generation Islam: a New Organization for the North American Muslim
Did you ever wonder where all the North American born or raised Muslims are in the Islamic community? To tap into this silent majority, generation Islam, a new not-for-profit organization has been formed.
The mission of generation Islam is to support the needs of Muslims born or raised in North America. generation Islam will fulfill this mission by providing a network of open dialogue, communication and support in order to ascertain and address North American born or raised Muslims specific needs at the local, regional and national levels.
The mystery of where are the homegrown Muslims was the topic of Jeffrey Lang’s (co-founder of generation Islam) book, Losing My Religion. A convert to Islam, and mother of two from New Jersey, Rabia Saeed, read this book and was struck by the “mystery of the missing Muslims”, a question she had also pondered.
“I started to go through the book page by page, and it seemed to me that the goals and objectives for a movement were clearly pointed out and just needed a jumpstart,” Saeed explained. Shortly after her dissection of the book, Mr. Lang came to New Jersey for a scheduled lecture. Rabia approached him about the idea and a movement was born.
generation Islam began as a yahoo online group in October 2006 with 2 members. Within a couple of months, the membership jumped to 100 genIs (as they like to call themselves). Rabia was happy but shocked to see the numbers rise so fast. “I was surprised to see the quick response. It was then I realized this group was very much needed in our community.”
This past November, generation Islam held its first Net Meeting, open to all genIs, and outlined their goals for 2007. High on the list of goals, was generation Islam’s organizational development. The goals to register as a non profit organization, to create a forum, ( http://www.generationislam.com/forums ), and an official website, ( http://www.generationislam.com ) were the first order of business. All three of these goals were accomplished within the first eight weeks of the New Year.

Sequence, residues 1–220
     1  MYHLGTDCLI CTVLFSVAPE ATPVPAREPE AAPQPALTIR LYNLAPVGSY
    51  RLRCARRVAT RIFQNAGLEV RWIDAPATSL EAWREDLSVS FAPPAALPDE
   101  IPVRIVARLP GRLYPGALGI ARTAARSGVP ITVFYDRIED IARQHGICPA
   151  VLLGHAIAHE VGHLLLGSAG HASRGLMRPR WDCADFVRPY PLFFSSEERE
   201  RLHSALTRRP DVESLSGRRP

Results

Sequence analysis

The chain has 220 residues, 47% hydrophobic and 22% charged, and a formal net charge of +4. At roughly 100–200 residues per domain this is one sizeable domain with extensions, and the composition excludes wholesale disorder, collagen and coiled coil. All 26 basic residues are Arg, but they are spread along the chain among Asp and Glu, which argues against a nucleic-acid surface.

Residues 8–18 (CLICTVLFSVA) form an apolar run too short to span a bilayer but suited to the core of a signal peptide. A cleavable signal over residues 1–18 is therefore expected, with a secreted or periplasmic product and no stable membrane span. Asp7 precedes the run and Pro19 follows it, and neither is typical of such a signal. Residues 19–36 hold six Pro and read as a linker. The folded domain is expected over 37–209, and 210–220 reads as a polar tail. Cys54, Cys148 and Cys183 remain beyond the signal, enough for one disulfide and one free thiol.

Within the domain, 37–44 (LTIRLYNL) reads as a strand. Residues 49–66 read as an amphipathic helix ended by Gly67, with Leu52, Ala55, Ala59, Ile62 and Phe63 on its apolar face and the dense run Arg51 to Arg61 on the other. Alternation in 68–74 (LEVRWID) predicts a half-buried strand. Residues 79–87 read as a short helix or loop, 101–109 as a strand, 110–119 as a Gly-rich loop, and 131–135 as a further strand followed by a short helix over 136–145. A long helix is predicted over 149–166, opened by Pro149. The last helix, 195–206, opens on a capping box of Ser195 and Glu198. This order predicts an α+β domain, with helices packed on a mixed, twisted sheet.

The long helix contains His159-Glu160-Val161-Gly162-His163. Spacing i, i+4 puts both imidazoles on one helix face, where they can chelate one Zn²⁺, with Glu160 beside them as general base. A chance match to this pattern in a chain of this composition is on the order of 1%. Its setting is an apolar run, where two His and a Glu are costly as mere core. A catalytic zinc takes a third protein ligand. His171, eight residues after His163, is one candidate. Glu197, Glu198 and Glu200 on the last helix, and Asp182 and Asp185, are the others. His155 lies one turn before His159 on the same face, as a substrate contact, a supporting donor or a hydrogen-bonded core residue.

generation Islam is advised by cofounder Dr. Jeffrey Lang, author of “Losing My Religion”, and the highly respected Dr. Khaled Abou El Fadl. Dr. Abou El Fadl writes extensively on universal themes of humanity, morality, human rights, justice, and mercy. Board member, Amy Hachem enthusiastically says that, “generation Islam is very blessed to have two great Advisors on board right from the start. While our Advisors are there for general guidance, ultimately, it is the generation Islam membership who shape and runs the organization.” She adds, “We are always looking for dynamic, energetic, and committed individuals to join in to the generation Islam movement and to jumpstart conversations on our forums, and work on various projects and events.”
The organization is rooted in it clear vision and values. The vision of generation Islam is to foster supportive and inclusive communities where all generations of Muslims interact in positive and mutually beneficial ways. The culture of generation Islam is to support and exemplify its values, not only as an organization, but for all its members. Some of these values are cooperation, perseverance, honesty, compassion, moderation and the value for this month, diversity.
Other goals for 2007 are: to connect with others who align with its mission, to hold a genI youth breakout session in the tri-state area, to hold Ramadan/Iftar gatherings sponsored at local levels, to send out an open letter to North American Masjids, a letter that will help to identify which Masjids will be receptive to the generation Islam movement, and the dollar for our scholar initiative.
The dollar for our scholar initiative is to support genI’s 2007 goal of encouraging Islamic study by North American born or raised Muslims and converts. The initiative is two-fold: the first part is to raise $1000 through fundraisers and donations to pay the (reduced) tuition costs. The second part of the initiative involves selecting ten generation Islam members to attend online classes in the Fall of 2007.
Board member Ray Lacina explains further, “This is just the first step in what genI hopes will be an ongoing program to provide sound education in Islam to North American born Muslims. In addition to offering foundational courses to new Muslims and second generation Muslims who are rediscovering their faith, the initiative will eventually help serious seekers of knowledge to pursue advanced degrees in Islamic studies. These homegrown scholars will play an essential role in helping us find ways to practice our faith in a way that is both authentic and appropriate to the North American environment.”
As generation Islam develops and grows, they hope to tackle many of the issues that second generation North Americans and converts face. Such as, women’s place in the masjid, youth programs, exploring American Muslim identity, convert support systems and community involvement. The thing that sets generation Islam apart from some of the other organizations out there already is that it is run for and by Second Generation North American Muslims and Converts to Islam living in North America. “First gens” (non North American born Muslims) are encouraged to participate in building generational bridges and in helping to ensure strong, vital Islamic communities for themselves, the future of their children and for future generations to come.